I think ‘Pay it forward’ is a nice concept but there is this one case where I am not able to get on board with it and I figured the best I can do right now is blog about it. :) Apparently the phrase ‘Pay it forward’ was first used in a book by Lily Hammond where she wrote: “You don’t pay love back; you pay it forward.” From there, it became popular through plays, books and movies to suggest that if someone does a good deed for you then you pass the love and care on by doing something nice for someone else. Simple and makes sense, right? It made sense to me until recently – when I couldn’t find the whereabouts of a friend who had helped me long time ago and I couldn’t get myself to think that I would simply pay it forward.
Now you would think that in these days of the supreme connected-ness that the Internet and social media offers, locating a friend should be a matter of few Google/Facebook searches, right? But the online searches didn’t help and asking common friends only led to a few bounced emails. So this blog post is dedicated to this friend, who did one simple thing: he called me on the phone on Saturdays to ask me how I was doing. That’s it. However, he did that every Saturday, week after week when I was going through a particularly bad patch in my life. I think it’s fair to say that my response on the phone would be a nonchalant one, we would talk for some time and hang up. And then the call would come again the next Saturday. I can’t say I looked forward to the call but I never rejected it either. I don’t remember for how long the calls kept coming. I don’t remember why they stopped. It’s been too long and my memory has faded.
But one thing is certain – I don’t think I ever thanked him properly. If I want to analyze my behavior then I guess I can blame it on my specific state of mind, or my introvert nature, or even on a community where saying a “thank you” and verbalizing your feelings was not a norm. But I don’t want to analyze, nor do I want to rationalize. Also, such nice was his gesture that I cannot pay it forward. I might not keep checking on someone week after week if they are going to act like they couldn’t care less.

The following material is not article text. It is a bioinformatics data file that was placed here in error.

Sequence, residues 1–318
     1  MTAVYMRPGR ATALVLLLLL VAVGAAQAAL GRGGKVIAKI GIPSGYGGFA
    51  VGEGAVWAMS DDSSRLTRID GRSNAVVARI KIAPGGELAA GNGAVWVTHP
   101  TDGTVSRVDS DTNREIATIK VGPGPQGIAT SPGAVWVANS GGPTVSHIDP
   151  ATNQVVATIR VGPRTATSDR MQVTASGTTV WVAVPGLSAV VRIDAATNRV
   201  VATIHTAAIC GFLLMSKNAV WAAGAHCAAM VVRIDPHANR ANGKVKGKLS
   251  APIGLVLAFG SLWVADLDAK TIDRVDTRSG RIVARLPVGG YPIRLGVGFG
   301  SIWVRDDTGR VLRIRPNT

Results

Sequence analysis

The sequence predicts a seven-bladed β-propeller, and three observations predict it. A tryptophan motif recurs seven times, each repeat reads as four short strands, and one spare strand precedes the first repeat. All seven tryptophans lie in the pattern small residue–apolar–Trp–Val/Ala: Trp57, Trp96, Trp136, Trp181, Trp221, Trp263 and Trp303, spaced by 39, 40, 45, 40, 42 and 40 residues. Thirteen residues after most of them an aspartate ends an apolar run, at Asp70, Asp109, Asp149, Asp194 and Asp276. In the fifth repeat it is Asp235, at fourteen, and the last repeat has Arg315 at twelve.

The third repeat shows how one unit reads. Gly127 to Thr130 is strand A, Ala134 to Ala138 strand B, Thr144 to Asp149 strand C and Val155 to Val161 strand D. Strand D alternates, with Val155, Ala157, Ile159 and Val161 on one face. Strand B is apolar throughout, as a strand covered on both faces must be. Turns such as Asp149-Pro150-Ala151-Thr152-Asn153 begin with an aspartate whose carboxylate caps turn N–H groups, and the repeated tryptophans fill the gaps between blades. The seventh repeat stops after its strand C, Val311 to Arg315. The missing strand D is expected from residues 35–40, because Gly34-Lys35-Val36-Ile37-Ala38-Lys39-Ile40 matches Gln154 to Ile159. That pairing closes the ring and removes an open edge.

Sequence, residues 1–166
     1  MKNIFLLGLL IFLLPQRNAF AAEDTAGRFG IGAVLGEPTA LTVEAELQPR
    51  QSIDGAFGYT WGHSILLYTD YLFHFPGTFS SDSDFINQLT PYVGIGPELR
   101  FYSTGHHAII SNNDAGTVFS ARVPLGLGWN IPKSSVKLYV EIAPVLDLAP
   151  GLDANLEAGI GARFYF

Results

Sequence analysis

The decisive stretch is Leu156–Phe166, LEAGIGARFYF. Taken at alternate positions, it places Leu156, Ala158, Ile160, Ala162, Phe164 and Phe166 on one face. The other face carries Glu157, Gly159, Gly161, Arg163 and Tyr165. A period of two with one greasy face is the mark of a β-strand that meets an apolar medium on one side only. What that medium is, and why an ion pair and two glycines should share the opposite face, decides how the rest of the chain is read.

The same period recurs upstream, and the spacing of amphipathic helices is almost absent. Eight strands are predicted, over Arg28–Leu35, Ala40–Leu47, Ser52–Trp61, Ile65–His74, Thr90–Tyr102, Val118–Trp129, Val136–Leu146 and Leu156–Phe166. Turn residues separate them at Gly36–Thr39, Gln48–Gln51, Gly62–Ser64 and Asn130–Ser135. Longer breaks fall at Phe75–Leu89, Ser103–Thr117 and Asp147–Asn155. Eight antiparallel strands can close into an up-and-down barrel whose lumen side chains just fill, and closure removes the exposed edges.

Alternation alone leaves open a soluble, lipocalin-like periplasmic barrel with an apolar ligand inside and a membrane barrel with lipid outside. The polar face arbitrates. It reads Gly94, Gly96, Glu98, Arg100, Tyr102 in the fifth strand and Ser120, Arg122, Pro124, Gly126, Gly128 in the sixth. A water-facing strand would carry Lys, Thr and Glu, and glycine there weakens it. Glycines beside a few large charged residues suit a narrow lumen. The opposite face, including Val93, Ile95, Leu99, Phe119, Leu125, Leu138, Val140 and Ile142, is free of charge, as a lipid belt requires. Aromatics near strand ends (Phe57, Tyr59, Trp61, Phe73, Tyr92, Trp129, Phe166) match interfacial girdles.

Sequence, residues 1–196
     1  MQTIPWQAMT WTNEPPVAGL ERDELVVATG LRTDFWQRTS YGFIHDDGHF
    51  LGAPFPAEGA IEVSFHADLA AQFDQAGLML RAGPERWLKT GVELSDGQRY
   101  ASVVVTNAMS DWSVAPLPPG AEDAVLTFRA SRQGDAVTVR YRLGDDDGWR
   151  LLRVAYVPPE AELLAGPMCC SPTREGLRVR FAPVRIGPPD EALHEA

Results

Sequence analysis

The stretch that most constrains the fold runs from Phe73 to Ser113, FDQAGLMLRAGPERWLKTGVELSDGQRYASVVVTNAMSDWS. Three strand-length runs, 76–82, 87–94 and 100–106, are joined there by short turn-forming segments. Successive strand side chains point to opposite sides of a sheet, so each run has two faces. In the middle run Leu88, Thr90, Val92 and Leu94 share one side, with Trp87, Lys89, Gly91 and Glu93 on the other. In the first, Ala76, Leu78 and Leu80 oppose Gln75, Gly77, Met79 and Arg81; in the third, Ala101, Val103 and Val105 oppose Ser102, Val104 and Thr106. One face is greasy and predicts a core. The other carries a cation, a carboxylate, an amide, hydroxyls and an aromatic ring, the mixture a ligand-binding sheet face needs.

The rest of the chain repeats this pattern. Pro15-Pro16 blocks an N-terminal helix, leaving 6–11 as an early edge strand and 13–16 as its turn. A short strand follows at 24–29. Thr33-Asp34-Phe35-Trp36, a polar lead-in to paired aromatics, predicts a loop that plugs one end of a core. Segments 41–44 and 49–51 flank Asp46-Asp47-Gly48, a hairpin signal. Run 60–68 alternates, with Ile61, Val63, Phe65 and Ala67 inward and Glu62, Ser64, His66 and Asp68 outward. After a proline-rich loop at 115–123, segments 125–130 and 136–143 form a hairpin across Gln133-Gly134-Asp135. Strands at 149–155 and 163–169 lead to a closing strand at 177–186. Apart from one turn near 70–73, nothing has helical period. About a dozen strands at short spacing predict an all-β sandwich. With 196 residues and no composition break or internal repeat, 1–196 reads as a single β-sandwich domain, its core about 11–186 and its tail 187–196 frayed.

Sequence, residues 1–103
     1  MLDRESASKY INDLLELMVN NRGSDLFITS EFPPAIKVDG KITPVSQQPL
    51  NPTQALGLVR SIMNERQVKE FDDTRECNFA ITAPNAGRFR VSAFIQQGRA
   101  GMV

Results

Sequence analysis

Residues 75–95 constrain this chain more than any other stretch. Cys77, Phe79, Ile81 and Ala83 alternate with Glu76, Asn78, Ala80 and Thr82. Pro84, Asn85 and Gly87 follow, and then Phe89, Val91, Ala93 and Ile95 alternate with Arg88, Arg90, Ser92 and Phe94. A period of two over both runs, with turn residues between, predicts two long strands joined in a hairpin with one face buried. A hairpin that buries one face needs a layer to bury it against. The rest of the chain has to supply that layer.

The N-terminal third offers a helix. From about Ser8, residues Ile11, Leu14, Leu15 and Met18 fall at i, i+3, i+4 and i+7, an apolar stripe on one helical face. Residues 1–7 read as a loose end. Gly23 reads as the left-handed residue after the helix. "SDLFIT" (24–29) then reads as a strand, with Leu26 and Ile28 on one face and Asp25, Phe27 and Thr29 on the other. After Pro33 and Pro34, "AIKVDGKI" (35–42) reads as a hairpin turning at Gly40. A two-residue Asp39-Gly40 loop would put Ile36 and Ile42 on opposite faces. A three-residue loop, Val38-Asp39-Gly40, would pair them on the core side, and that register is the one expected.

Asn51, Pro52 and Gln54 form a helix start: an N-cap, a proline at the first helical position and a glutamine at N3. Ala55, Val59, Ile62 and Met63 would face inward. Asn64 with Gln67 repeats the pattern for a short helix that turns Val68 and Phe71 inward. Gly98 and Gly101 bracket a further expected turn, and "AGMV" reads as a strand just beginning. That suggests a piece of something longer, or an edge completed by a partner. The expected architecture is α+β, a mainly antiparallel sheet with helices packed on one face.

So here’s what I want to do instead. I want to hop on a time-machine, go back and tell my teenager self that sometimes life can appear harsh and there is no way to mend it – for there are no magicians with a wand, no Gods who can make it all right, but there are always angels just around the corner. And when the angels help you, do thank them before they disappear just like that. Having said that, I don’t think my teenager-self will listen to me; she is way too stubborn. Also if there is a future-me lurking out there, who is all irritable, ungrateful (ouch!) and wrinkly (double ouch!), then I want to fly there too and shout in her senile ears. Of course she is probably too cynical and might not listen either. Oh well. :)
At this point, you might say that all this time-machine business is not going to work and that I am not thinking through rationally. But what if the present-me doesn’t exactly feel like holding on to rationality much? :) In fact, I think I may have already climbed a few steps up the irrationality ladder because only my irrationality knows how to push me out of my shell and make me write this personal story on my public blog. So there!